In my previous blogpost I talked about my first impressions from using a Microsoft Surface Pro 4 as a mobile graphic tablet. I little over a week later and I brought the device back to the store. It’s an incredible machine, it’s almost perfect except that the device just doesn’t lend itself for the purpose I intended to use it. The pen with it’s sensitivity and lack of tilt doesn’t compare to what I’m used to in Wacom Intuos tablets that I’ve been working with for over a decade. Feather light touches on the surface hardly or don’t register at all. This becomes particularly frustrating when sketching or trying to color pick when painting as well as trying to get your colors to blend nicely and realistically on the canvas. An accurate sensitivity of which the ability to hardly press down is crucial. This is not the device to get if you’re a professional digital artist looking for a mobile substitute for your desktop.
Despite the SP4 being frustrating to draw and paint on, it did show me the potential for mobile graphic tablets and since I had a taste I needed more. I’m not a tech guy and I don’t really keep that up to date with new tech releases, so it’s been only recently since I learned that Wacom brought an already second gen mobile graphics tablet under their Cintiq line on the market. A full Windows 8 (up-gradable to 10) computer to boot; the Wacom Cintiq Companion 2.
I was already hooked in and began chasing the dragon of mobile graphic tablets, so I spend a little extra and ordered the Cintiq Companion 2. After unboxing, upgrading to Windows 10 and installing Photoshop and Clip Studio, which took up pretty much all afternoon, I finally could take it for a test drive that evening and wow! what a dream to work on! The device is large and clunky, it makes noice and gets kind of hot and it’s not as pretty as the SP4, but it does the most crucial part exactly right as you would expect from a Wacom tablet.
The customizable physical Expresskeys and Rocker Ring on the side of the tablet come in incredibly handy and are pretty much crucial for a great drawing/painting experience. I hardly ever use those keys on my Intuos Pro, but on this mobile device they totally rock! It’s great to be able to physically feel your most used keys instead of almost blindly aiming your finger on the screen. Apart from that there are fully customizable on-screen controls and a radial ring which allows the use of essentially all shortcuts you use on your desktop. These are great for merging layers, transform, copy/paste, safe etc. I press them with my pen.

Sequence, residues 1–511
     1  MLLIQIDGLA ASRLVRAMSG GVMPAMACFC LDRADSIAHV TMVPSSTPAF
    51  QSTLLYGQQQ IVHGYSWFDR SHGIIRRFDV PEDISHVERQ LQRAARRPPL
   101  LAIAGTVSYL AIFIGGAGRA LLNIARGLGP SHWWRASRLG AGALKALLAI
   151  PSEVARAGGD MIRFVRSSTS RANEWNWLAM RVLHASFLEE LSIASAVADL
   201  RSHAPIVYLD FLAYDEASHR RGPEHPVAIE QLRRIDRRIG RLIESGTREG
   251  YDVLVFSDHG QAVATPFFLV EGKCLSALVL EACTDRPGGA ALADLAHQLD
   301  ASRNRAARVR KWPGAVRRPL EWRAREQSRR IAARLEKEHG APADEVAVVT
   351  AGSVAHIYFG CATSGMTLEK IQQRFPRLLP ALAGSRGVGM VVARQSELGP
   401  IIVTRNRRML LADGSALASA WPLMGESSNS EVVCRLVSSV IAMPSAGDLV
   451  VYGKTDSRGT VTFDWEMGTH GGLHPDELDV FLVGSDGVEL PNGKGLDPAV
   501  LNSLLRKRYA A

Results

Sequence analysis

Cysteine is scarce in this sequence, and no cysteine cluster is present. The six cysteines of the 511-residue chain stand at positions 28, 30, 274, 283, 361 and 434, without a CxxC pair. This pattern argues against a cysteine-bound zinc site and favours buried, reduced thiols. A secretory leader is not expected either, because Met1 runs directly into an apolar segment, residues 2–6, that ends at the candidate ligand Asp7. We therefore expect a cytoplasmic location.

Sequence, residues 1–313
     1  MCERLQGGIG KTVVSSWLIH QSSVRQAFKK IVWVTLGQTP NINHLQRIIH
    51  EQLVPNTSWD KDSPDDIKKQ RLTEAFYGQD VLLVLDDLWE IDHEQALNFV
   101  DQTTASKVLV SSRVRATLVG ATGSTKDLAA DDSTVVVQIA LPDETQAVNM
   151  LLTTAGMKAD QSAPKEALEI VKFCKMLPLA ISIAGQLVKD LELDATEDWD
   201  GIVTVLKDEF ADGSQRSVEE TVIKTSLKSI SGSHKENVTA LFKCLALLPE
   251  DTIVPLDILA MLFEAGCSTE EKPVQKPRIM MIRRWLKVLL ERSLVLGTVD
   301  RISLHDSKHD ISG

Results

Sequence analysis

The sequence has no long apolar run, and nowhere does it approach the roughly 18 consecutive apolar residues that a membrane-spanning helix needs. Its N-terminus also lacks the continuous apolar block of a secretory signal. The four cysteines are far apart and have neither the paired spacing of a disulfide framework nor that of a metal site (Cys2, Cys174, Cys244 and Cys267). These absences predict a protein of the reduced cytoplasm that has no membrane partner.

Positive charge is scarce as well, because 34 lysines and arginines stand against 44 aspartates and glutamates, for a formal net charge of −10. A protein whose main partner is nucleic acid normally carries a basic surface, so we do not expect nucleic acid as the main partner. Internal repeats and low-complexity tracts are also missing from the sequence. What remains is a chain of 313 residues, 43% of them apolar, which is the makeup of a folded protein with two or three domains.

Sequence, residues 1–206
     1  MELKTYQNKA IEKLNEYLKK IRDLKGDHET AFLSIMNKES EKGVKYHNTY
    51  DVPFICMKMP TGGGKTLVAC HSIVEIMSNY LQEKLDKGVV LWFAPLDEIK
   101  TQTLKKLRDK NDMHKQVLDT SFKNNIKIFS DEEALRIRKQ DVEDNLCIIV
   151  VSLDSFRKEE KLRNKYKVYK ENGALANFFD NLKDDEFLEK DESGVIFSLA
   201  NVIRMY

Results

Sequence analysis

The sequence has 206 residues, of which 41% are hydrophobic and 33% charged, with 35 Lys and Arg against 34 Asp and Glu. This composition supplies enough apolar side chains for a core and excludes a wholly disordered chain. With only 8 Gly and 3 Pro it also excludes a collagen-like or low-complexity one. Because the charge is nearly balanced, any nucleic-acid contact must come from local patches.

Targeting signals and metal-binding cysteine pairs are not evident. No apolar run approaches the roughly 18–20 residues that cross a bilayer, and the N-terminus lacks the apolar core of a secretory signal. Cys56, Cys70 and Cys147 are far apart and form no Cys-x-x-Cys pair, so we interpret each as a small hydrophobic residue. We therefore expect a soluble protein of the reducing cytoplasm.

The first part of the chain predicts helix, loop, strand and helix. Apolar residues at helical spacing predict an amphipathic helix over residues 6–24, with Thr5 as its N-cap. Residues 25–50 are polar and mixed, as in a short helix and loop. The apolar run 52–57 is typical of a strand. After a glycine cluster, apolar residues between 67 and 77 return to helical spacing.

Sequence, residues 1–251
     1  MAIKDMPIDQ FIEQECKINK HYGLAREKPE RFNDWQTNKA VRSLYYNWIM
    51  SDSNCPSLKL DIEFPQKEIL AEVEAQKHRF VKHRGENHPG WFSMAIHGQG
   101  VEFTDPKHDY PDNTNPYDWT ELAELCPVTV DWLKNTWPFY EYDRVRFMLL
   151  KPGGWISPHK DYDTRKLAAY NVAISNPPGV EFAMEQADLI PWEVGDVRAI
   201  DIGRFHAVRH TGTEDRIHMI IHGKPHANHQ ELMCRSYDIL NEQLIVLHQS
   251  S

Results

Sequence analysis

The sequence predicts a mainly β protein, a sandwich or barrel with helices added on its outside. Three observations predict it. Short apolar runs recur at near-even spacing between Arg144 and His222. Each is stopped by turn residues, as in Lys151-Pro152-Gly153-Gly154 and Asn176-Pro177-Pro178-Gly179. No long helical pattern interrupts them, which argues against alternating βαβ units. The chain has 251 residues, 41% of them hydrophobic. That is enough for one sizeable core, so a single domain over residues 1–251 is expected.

The pen is exactly what you’re used to from Wacom and comes with a set of extra nibs.
The only major downside is battery life. After two hours working in Photoshop my Companion was screaming for extra juice.
I’ve been in the market for a mobile graphic tablet for a little while now. This mainly to be able to get away from my desktop for ergonomic reasons and be able to work wherever I want to. This means that I wanted a high-end machine that will run Photoshop CC smoothly for digital painting.
One of the obvious choices would be the Micrososft Surface Pro 4, a high-end laptop (drawing) tablet in 1 Windows 10 computer that’s specifically marketed towards those wanting to use it for creative purposes like Photoshop users (and thus digital illustrators as well) do.
Upon writing this blog post the Surface Pro 4 has been out there for about 9 months I think and while there are many reviews out there, I can’t seem to find any pro digital painter user experiences out there.
Well I decided to take the plunge anyway and invest my hard earned cash in this machine.
After two days of playing with the SP 4 I figured I might as well write about my experience with it. Perhaps this is useful to anyone contemplating getting the SP 4 for wanting to actually paint digital on the thing.
I won’t go into tech details, but I should mention that my SP 4 has the i5 processor, 8gb ram and 256 gb storage. It’s the mid-range model.
First of all, Photoshop CC and Clip Studio Paint Pro that I installed as well both run smoothly. On a large canvas (A3 at 300 dpi) I did notice a little bit of lag when using a relatively large brush size, but I didn’t find it that bothering. When completely zoomed out, using a very large brush size, the lag becomes significant. Up to about 3 seconds after making the stroke, but you probably won’t be working like that anyway.
One thing we as digital painters simply can’t do without are shortcut keys. I use Alt extensively to color pick, brush size increase/decrease, F5 for brush settings, undo-copy-paste-deselect-invert selection-transform-merge etcetera. I’m kind of used to just picking my tools from the toolbar, but those shortcuts above are those I can’t do without.
The Microsoft type cover keyboard (which doesn’t come with the SP 4 but will set you back another 150 Euros in my case) is absolutely lovely and a joy to type on, but only if you use your SP 4 as a laptop sitting at a table and that’s not how I want to use it. Besides painting in this setup absolutely sucks. It feels completely unnatural.
I want to kick back on my couch, tablet on my lap and just draw/paint like I would with a regular sketchbook. This will not work with the keyboard attached. You could probably have a bluetooth keyboard linked to your SP 4, but in a reclining position on the couch or in bed or somewhere in a park on a sunny day this will be annoying as hell.
Expresskeys like on Wacom tablets would be ideal, but it doesn’t have them so I want them on my screen. Hey awesome solution; there are customizable toolbars that will do just that. These are a couple that I found: Toolbar Creator, Touchkey and Toolbar Pro (Google them, find some tutorials on how to set it up) and it does actually work.
I’m using Toolbar Pro (see screenshot of my screen setup above) and I believe I can totally get used to this. It’s a paid application though, I believe it was around $9.